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Gana Ndiaye

“How Can One Be an African Sufi Muslim?”: Senegalese Migrants and Brazil’s New Racial Politics

Event Type
Lecture
Sponsor
Center for African Studies, The Lemann Center for Brazilian Studies, and Illinois Global Institute
Location
Coble Hall, Room 305
Date
Jan 30, 2024   12:00 - 1:00 pm  
Speaker
Gana Ndiaye is an Assistant Professor of Anthropology at Beloit College, WI. Ndiaye holds a Ph.D. in Anthropology from Boston University and an MA in French from the University of Illinois at Urbana-Champaign (class of 2017). His current research project examines the public expressions of Muslim identity among Senegalese informal workers in Brazil. Ndiaye’s research and teaching interests include migration, race and ethnicity, informal economies, Muslim market ethics, and the ‘Ajamī (modified Arabic script) literary traditions of Muslim Africa.
Contact
Lemann Center
E-Mail
lemann@illinois.edu
Views
23
Originating Calendar
African studies - Outreach Calendar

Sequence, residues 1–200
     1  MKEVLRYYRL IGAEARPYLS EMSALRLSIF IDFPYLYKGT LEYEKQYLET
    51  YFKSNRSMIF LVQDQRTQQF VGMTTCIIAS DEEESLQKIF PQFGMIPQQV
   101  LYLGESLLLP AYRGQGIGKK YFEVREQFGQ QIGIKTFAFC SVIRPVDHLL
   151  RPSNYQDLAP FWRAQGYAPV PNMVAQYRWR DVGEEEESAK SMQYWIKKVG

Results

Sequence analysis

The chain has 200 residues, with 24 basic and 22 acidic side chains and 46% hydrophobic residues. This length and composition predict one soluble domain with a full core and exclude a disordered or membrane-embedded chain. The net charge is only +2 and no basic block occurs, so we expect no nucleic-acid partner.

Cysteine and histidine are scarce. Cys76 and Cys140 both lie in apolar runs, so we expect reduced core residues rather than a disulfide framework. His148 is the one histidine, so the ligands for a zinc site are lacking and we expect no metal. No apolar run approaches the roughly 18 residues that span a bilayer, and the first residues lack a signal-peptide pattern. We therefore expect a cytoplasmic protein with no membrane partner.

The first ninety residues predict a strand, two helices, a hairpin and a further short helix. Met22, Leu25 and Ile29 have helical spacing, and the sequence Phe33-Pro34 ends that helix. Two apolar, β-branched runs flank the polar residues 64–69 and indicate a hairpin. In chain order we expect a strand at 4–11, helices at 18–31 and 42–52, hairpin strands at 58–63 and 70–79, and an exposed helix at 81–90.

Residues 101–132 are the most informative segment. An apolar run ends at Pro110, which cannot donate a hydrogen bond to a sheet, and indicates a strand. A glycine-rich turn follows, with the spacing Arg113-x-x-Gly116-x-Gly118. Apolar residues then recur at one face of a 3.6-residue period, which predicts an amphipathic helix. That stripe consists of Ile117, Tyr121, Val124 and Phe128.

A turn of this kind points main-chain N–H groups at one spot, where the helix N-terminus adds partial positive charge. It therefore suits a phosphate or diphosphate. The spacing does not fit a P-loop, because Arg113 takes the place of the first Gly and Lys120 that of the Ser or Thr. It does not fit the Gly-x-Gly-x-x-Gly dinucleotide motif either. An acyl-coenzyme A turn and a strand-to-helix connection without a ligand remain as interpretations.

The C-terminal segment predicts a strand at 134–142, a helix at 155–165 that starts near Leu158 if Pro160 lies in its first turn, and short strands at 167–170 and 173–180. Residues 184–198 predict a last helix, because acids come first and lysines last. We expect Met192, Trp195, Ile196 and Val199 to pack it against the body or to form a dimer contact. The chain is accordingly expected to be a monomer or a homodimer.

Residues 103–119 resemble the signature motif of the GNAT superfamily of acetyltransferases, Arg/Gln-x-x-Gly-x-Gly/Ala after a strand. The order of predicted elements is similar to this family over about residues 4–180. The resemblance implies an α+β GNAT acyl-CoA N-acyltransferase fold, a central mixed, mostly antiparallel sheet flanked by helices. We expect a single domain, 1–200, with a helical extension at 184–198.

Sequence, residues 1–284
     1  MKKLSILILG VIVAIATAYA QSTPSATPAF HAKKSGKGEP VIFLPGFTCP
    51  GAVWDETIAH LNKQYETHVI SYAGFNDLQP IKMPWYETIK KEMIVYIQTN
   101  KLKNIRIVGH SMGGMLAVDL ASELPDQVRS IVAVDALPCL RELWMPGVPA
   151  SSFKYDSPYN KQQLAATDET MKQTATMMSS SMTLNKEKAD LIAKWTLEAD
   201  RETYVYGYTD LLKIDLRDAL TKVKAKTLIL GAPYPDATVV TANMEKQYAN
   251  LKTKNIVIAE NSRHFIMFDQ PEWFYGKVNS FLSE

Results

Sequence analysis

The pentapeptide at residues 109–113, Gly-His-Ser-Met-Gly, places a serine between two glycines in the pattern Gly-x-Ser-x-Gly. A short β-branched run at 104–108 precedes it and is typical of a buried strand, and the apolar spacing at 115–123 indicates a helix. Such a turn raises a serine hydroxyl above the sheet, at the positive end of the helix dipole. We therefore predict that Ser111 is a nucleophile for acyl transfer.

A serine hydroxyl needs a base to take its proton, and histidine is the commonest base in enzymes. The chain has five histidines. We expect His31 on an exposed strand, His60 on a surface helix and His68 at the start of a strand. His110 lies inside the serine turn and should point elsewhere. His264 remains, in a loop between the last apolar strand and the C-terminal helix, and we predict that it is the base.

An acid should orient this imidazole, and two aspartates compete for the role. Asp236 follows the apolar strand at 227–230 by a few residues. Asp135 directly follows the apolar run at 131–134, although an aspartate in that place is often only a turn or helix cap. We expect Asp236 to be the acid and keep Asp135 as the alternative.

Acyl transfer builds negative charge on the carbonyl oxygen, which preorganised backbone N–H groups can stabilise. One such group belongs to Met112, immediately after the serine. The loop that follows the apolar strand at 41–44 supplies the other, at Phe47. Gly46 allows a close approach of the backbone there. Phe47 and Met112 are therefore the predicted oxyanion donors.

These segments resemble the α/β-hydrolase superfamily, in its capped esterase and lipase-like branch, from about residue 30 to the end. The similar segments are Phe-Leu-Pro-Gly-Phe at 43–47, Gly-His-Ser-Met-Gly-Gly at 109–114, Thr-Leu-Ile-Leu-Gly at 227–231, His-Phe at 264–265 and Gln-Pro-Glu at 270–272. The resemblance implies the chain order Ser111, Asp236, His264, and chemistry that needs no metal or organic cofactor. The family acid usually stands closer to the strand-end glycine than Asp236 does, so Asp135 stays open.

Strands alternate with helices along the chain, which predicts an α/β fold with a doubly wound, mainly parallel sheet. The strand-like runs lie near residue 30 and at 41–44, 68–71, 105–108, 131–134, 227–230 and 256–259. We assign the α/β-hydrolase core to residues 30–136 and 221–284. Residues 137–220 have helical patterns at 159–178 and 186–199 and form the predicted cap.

Senegal began its “Large Infrastructure Projects” in early 2000. Through this economic development plan, the State sought to build a modern nation capable of attracting foreign investment and tourists. In the process, it brutally displaced many informal workers. In this talk, I trace the trajectories of some of these informal workers from Senegal to Brazil, a lesser-known destination for French-speaking West African migrants. Drawing on twenty-one months of archival research and participant observation, I offer an ethnographic exploration of everyday life among young Senegalese followers of the Muridiyya Sufi order (the Murids) in three Brazilian state capitals: Rio de Janeiro, Porto Alegre, and São Paulo. I show how these African Sufi Muslim migrants adjust their professional skills and religious rituals to strategically bring Islam into the Brazilian public sphere amidst a global climate of Islamophobia and the rise of right-wing politicians. I also highlight the dilemmas these young Black Muslims grapple with as they seek to live an ethical life under capitalism and against Brazil’s racial politics.  

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